With the feet completed last week it was time to start cutting and welding the metal which will, eventually, resemble a lathe stand. I didn’t have a plan drawn up for the design I simply started to work off some basic critical dimensions.

 The main structure was simple. It was all welded from 2 x 2 x .100 square tubing, the same stuff that I built the milling machine stand from. It was nothing more then a rectangle boxed frame with extended rear legs to accommodate the back splash.

I wanted to try and maximize the amount of space on the lower portion of the stand. The lower section was going to house the tool chest and a couple of shelves to hold my turning stock. For about a week straight my mental planning process was fixated on somehow incorporating the top section of the tool chest as useable space. I came up with some elaborate designs but decided that, in the end, using the top storage section was not going to work out. So the plan is to mount the tool chest as high in the lower stand section as possible and sacrifice the upper storage section. This meant getting rid of the tool chest lid. What was the best way to amputate the lid from the rest of the box? The first plan was to drill all the spot welds out on the piano hinge. After I counted about 20 welds I figured forget that! Then I thought I could slide the hinge pin out of the piano hinge. Well it turns out the hinge pin was peened into the hinge in about 20 spots as well. Ok…looks like its going to get done the fun way. Got the plasma cutter out and in about 20 seconds I had the lid sliced off. With the lid off I was able to lose a couple of inches off the overall height of the chest. If anyone has any suggestions as to what I can do with a tool  chest lid just send them my way.

 With the chest test fit into the stand I could now determine my shelf spacing for the 2 lower shelves. I only had 10 inches to work with. 2 of those inches were going to get lost to the 1” angle iron frame for each shelf. I wanted to ensure that there would be enough space between the shelves for me to get my hands, and eyes, into so that I could scrounge around for miscellaneous turning stock. I figured 4 inches per shelf was too tight. I opted to build a rear pivot into the middle shelf. This way I could mount the center shelf lower which would gain me more room for my hands. The lower shelf now did not have useable space above it however I could now lift my middle shelf up so that I could access my lower shelf. The turning stock will roll towards the rear of the middle shelf when it pivots up but oh well. I’ll build a back to the middle shelf yet so that the turning stock won’t roll out and fall behind the lathe. I made the shelf pivots from a couple of nuts and socket head bolts I had kicking around. If you view the pictures the design is self explanatory. The nuts were simply a way for me to screw the pivot pins into the main stand frame. The shelves will get lined with expanded metal.


I had an evening where I thought I would give the stand some personality. I had bent a piece of 1” square tubing for my metal bending video but I never actually had a use for the bent length. The arc has been kicking around the garage and taking up space (it’s hard to store bent steel). The chunk of steel shone in its debut performance of the video and now it was time for it to reappear in a new act and star in a different role. The arc got sliced up so that it would fit between the 2 rear legs. I had some 304 stainless steel 5/16” round bar left over from the BBQ grates so I cut some sections out and created a decorative top trim section for the stand. The trim serves no purpose other then it allowed me stop tripping over the poorly stored 10 foot bent 1 x 1. I did the original mock up of the trim on the bench but then did the entire SS rod welding when it was mounted to the lathe stand. The SS round steel got TIG welded to the steel using an ER309 filler rod. The tops of the rear legs got capped with a couple of decorative post caps I have had laying around for years. I think the trim touches worked out well, my wife thinks it makes the stand looks like a bed. I can see her point.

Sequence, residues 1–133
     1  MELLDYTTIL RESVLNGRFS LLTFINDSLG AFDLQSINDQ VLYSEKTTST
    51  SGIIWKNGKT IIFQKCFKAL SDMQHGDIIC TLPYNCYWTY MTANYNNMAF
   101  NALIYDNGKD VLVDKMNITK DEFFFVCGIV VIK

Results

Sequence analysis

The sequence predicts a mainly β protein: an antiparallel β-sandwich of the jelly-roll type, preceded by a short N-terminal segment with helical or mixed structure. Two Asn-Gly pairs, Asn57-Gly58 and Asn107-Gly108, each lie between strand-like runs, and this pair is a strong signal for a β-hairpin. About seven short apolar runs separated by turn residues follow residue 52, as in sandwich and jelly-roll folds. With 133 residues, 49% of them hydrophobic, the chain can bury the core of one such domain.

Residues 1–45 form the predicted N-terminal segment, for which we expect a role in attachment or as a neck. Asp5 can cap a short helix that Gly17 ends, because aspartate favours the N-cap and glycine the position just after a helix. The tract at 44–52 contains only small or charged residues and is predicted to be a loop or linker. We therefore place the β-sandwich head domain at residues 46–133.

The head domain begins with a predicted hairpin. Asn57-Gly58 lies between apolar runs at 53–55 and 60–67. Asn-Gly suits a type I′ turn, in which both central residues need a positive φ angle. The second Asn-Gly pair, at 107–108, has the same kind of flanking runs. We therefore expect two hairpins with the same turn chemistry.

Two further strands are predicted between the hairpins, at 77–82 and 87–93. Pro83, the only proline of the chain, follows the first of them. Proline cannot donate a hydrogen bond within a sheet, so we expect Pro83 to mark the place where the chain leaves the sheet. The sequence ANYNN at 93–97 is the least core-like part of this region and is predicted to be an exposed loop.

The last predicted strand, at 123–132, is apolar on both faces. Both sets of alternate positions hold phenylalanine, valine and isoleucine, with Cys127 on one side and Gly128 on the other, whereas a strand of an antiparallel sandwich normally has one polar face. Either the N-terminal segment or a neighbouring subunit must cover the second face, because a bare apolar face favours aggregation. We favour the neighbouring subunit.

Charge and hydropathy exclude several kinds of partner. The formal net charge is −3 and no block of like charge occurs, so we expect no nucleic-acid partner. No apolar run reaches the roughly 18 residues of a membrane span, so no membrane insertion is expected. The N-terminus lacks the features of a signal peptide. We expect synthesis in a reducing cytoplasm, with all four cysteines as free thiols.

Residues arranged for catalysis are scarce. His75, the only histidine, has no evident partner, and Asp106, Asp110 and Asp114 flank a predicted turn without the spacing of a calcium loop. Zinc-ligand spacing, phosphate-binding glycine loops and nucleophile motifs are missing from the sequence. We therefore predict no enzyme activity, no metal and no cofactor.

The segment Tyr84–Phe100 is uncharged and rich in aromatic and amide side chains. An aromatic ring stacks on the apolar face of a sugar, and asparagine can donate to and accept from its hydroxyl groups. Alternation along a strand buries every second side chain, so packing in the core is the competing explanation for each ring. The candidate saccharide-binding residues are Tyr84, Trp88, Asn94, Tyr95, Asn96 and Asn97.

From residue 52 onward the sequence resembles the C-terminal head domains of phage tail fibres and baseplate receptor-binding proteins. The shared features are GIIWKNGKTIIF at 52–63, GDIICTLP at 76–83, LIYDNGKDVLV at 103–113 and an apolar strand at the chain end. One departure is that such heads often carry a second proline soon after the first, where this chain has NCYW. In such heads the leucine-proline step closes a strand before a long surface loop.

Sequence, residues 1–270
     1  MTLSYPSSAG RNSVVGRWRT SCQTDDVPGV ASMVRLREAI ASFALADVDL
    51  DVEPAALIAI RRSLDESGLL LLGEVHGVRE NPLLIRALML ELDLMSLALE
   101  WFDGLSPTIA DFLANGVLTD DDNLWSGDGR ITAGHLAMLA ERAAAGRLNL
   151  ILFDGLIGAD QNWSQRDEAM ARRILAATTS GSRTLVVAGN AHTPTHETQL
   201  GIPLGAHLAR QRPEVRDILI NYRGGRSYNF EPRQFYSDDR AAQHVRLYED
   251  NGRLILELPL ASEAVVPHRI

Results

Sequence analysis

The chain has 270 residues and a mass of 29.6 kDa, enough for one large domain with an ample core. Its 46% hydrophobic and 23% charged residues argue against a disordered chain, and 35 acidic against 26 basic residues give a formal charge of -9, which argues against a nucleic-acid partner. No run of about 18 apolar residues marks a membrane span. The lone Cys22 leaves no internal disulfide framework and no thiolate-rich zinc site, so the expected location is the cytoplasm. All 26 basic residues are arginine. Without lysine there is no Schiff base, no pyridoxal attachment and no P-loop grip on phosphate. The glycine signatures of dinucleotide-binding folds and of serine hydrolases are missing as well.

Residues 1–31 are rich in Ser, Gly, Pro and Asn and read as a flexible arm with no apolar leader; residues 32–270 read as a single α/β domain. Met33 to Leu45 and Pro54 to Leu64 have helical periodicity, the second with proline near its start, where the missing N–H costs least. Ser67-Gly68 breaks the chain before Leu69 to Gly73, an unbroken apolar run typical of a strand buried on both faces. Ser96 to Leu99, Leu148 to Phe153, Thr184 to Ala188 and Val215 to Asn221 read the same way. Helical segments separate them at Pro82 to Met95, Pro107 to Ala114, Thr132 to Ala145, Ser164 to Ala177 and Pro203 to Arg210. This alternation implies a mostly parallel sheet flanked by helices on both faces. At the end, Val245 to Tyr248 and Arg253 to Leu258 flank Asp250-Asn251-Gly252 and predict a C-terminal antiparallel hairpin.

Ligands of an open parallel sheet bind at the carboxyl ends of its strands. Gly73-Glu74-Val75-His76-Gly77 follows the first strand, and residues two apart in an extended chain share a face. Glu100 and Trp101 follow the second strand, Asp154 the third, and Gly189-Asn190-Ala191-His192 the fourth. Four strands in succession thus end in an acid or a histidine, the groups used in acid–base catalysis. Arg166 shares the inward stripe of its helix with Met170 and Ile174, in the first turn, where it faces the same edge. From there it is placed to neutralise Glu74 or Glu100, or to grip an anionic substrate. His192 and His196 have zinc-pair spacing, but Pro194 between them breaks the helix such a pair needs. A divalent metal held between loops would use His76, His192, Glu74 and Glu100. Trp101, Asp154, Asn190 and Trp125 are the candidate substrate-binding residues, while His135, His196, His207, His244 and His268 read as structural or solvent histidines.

The backsplash is nothing more the 11 gauge steel plasma cut to fit. The backsplash then got stitch welded in from the back side.

 With the main structure completed it is time to focus on the base chip tray and the upper shelving. This is going to lead me into another project. The problem is this. My brain does not always mentally design projects according to what equipment my hands have to work with. My hands continually argue with my brain. The brain wants something a certain way, it’s real stubborn. My hands, as capable as they are, still need certain equipment to perform the tasks my neurological side is insisting on. It’s like my brain has a mind of its own and is oblivious to the fact that just because it sits at the top of my spine it still has other appendages it needs to consider. Anyway…it looks like another project will need to be completed before the lathe stand gets finished.

  1. Andrew says:

    I’m so glad i stumbled onto your blog. I have the same lathe, and want to build a similar stand as yours. Just wondering one thing, what height did you settle on to work comfortably? I was thinking of of 36″ but was curious what you chose!

    • gordsgarage says:

      Hi Andrew, thanks for finding your way to the site. When I built the stand I struggled with height as I wasn’t too sure what would be ideal. I settled on 32.5 inches from the floor to “table top” where the lathe would sit. I have been using it for awhile now and am quite pleased, my back is much happier. I should mention that I am 6 feet in height which I suspect plays a role in the ideal height of the stand.


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